Natural Hoof Care

A lot of research has been done lately (see Library) on the hoofs of wild mustangs living in America. These mustangs have healthy, strong hoofs with which they walk, trot and gallop 20 to 50 kilometers a day on hard surfaces with rocks and stones. Growth and wear are in balance. The hoof and leg problems that shod domesticated horses so frequently experience, are practically absent in the wild. The wild horse’s hoof mechanism works perfectly and as a result they have hard hoofs, strong legs and optimal blood circulation.

The hoofs of wild mustangs have short heels, the frog has passive ground contact to function as shock breaker, and the horse’s weight is evenly distributed over the weight-bearing surfaces, i.e. the soles of the four hoofs.

Mustang hoof

This wild hoof model we use when we trim the horse’s hoof. As domestic horses do not have the necessity and opportunity to walk over distances of 20 to 50 kilometers every day, we need to imitate natural wear by trimming the hoofs regularly to keep them in their natural shape.


Compact and strong barefoot hoofs

All our horses go barefoot. Some of our horses have come from quite challenging backgrounds as they were shod and stabled, and some had fairly severe hoof issues when they came to us, but are either in excellent shape or are well on their way now.

Rock crunching barefoot hoofs

Natural Lifestyle

What is important in natural hoof care is that it extends to the complete lifestyle of the horse. This lifestyle includes: 1. Natural living conditions: this means freedom of movement (no box-stall confinement) - optimally living in a pasture or paddock for 24 hours a day/7 days a week in the company of other horses. Horse clothing (bandages, wraps, blankets, etc) is to be avoided. 2. Exercise: besides roaming and playing, the horse needs to be trained, hand-walked over hard surfaces and ridden as much as possible, aiming for the natural amount of movement of a minimum of 15 kilometers per day. 3. Nutrition: mature grass and hay form the main food of horses. For extra stamina or weight gain, just a little oats can't be beat. In this manner, the barefoot hoofs become strong, healthy, and fully functioning, and the entire immune system of the horse is strengthened naturally.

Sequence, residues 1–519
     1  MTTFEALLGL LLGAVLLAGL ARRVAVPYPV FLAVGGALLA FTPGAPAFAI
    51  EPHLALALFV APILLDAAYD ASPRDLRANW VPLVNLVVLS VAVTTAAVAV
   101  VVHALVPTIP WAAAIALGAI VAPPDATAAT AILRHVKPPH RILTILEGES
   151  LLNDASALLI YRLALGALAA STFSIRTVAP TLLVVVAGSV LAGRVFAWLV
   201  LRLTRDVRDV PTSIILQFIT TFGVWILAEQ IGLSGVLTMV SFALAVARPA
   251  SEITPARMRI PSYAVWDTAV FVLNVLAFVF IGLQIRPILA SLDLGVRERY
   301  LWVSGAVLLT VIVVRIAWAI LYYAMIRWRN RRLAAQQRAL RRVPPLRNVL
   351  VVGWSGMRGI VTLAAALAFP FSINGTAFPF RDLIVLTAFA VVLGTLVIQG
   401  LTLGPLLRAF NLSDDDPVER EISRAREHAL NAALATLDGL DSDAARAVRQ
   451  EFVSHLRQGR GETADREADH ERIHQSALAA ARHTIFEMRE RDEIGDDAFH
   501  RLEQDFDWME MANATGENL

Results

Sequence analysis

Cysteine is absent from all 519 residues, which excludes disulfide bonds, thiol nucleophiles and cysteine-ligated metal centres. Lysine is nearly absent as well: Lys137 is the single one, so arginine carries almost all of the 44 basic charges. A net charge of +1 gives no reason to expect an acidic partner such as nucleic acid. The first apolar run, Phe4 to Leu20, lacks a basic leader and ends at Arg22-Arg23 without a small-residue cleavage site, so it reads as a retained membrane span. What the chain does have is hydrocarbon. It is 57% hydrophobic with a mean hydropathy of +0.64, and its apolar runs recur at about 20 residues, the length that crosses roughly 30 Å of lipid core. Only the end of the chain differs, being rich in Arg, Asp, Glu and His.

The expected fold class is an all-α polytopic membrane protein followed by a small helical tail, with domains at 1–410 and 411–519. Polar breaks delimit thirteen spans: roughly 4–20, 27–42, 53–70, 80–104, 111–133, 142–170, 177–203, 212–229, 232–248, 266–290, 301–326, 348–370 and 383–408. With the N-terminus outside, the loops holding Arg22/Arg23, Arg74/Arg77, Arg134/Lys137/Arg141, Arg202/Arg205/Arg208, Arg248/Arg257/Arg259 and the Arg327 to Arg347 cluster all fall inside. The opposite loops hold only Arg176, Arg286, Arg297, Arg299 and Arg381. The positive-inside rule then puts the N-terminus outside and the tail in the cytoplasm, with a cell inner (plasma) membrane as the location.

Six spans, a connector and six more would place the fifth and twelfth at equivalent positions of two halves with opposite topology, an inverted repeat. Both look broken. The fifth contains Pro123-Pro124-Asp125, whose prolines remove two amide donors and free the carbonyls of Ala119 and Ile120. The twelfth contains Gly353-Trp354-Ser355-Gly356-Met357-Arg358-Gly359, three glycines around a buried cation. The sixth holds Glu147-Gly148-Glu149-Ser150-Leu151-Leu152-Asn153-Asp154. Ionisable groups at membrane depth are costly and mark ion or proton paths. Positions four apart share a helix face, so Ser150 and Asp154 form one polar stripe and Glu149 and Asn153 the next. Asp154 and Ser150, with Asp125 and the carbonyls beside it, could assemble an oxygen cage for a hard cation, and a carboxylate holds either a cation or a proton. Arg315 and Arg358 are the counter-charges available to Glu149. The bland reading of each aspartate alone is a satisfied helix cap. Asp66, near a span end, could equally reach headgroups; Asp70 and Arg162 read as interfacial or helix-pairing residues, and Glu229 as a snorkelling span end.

The paddocks at Havana Horses are not square even fields with lush grass, but instead provide a variety of footing, from hard rocks and gravel to mud on an uneven terrain where the horses move up and down rather steep hills. After all, the surfaces that you want your horse to go on when you take it out on the trail, is the same footing that the horse should be used to walk on in its paddock on a daily basis! By providing shelter, food and water at different distant locations throughout the paddock, we make sure the horses move about. On top of this, at the ‘watering hole’ where the horses come at least three times a day, we have made a footing in accordance with Xenophon’s valuable advice in The Art of Horsemanship:
This place (...) would be best suited in the purpose of strengthening the horse’s feet if you threw down loosely four or five cartloads of round stones, each big enough to fill your hand. (...) Stones threwn about in this way strengthen the frogs too. (p. 28-29).

The

Hoof Mechanism

The hoof mechanism can be defined as the natural expanding or spreading of the hoof as it undergoes weight bearing during the hoof’s support phase, and, the reciprocal contracting of the hoof as it unloads during its flight phase. This mechanism pumps the blood around the hoof and is thus essential for blood circulation, not only in the hoofs and legs, but in the end also throughout the horse’s body. A barefoot hoof is capable of flexing as needed depending on the terrain. The frog and heel bulbs perform an important role in absorbing shock. The lateral cartilages and digital cushion move blood through the foot and actually upward into the heart. All these functions are compromised when a horse is shod. The use of horse shoes and/or confinement causes diminished or hindered blood flow and impacts the hoofs and the general wellbeing of the horse in various harmful ways.

Natural hoof care practitioner Anna at work

Anna van Rheeden was educated in the Netherlands and since 2005 she works as a natural hoof care practitioner, trimming the hoofs of our own and other people’s horses. Contact us for an appointment.


Course Natural Hoof Care

Havana Horses offers a 3-Days Course Natural Hoof Care, for horse owners, grooms and farriers:

After following this course you feel practiced and confident enough to trim the hoofs of your own horse!


course natural hoof care

There are many benefits to keeping your horse barefoot, including:

Download our Leaflet Natural Hoof Care here (pdf).

For actual prices see here.


Leaflet Natural Hoof Care< br/>